Equally apposite are the observations of Peter Smith J in the statement he made arising out of the Farepak litigation.
“47. The courts have regularly reminded parties that the purpose of witness statements is to replace oral testimony. It is not to rehearse arguments, it is not to set out a case and whilst it necessarily has to be drafted with the collaboration of lawyers, it should not be a document created in the language of lawyers by the lawyers, because the lawyers do not go into the witness box and defend it. This is unfair to defendants, as this case showed. It is also unfair to the witnesses.”
“THE LAW SHOULD BE AS I WANT IT TO BE”
An example here is the judgment of District Judge Lumb in A & Anor v Royal Mail Group (No. 2)  EW Misc B30 (CC) (To be fair the judge was commenting on a skeleton argument. However it is not unusual to see this kind of “argument” contained in a witness statement.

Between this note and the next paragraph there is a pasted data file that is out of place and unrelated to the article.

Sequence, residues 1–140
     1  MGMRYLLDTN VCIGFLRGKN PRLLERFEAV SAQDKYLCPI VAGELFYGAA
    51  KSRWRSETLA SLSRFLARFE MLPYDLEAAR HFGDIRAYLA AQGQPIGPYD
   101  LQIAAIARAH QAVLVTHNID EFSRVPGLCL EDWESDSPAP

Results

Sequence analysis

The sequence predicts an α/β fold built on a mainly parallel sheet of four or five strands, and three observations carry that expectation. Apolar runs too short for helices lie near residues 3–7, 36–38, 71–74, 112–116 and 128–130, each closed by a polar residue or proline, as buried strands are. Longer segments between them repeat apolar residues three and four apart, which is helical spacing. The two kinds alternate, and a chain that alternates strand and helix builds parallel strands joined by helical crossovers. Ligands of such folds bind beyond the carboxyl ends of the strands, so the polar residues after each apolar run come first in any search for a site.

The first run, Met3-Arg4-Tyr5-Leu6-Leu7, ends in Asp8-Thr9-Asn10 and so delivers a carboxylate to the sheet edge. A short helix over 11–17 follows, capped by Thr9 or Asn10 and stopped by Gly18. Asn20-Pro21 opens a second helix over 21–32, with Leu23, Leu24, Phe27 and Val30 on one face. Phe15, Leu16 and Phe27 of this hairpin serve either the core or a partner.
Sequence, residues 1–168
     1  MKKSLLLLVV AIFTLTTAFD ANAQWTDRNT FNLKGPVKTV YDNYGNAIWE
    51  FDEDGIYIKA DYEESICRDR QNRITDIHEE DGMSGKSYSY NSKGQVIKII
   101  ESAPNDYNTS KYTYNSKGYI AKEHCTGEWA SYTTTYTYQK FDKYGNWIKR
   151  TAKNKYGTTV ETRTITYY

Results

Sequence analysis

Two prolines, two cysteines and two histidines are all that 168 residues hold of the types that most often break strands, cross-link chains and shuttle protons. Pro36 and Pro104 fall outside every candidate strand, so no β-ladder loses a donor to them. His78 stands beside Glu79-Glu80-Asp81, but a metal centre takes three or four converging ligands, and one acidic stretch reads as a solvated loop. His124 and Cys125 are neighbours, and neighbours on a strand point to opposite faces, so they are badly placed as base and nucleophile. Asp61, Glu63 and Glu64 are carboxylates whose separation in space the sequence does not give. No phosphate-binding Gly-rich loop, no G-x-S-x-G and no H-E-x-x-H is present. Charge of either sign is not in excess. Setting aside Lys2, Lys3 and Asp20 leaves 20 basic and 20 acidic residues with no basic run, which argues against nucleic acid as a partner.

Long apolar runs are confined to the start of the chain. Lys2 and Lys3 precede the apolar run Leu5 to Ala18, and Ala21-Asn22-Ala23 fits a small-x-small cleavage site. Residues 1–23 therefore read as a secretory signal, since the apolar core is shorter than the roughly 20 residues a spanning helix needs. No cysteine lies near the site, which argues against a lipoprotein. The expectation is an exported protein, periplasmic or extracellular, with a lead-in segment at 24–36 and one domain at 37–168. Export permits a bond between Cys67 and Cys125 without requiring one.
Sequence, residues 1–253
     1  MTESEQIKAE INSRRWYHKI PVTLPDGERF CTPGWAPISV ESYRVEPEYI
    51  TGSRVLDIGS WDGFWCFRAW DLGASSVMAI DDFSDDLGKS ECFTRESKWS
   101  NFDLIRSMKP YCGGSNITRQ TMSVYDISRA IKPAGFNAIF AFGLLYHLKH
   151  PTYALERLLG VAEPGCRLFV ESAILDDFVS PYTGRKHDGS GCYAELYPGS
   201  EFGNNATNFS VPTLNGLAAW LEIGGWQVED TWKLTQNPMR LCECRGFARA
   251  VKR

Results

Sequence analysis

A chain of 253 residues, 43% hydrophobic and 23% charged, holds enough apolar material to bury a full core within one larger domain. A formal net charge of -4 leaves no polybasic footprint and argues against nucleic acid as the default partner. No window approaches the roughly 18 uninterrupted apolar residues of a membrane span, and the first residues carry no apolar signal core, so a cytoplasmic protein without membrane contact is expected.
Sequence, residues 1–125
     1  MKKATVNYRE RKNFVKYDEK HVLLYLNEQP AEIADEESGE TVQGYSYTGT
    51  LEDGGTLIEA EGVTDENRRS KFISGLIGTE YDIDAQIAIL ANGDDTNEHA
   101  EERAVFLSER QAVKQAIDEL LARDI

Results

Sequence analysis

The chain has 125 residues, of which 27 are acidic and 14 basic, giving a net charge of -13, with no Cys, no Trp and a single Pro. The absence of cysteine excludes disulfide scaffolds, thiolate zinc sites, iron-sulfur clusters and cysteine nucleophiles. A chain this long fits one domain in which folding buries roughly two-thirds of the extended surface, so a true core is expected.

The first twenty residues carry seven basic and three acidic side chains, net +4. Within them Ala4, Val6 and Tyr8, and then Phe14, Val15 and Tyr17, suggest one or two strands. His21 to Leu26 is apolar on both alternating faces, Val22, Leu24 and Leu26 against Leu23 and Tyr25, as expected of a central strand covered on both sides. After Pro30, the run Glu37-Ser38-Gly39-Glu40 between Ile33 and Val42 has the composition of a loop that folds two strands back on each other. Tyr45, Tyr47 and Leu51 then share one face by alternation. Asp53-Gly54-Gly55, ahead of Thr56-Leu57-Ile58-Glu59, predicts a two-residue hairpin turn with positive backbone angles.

“These so called submissions have no place in a properly prepared skeleton argument. They are, in the widest sense, political assertions that are of no relevance to the judiciary or the Courts who constitutionally are apolitical. If the solicitors consider that the predictive or fixed recoverable costs are insufficient then their argument
is with the Government and the Legislature and not with the Judiciary or the Courts whose role is to apply the law”.
“I KNOW IT BECAUSE I KNOW IT” – BUT DON’T ASK ME HOW?
Here the application contains numerous statements of fact made by a witness, sometimes the lawyer. But there is no indication of how the maker of the statement came by that information. There are numerous cases where the courts have commented on the failure of parties to produce witness statements which give the source of information and belief in their witness statements. (This is likely to apply just as much to the “evidence” contained in an application form).
The requirement to give the source of information and belief is not something that a party can ignore or pay lip service to. There are numerous cases where this omission has had a major effect on the outcome of an application.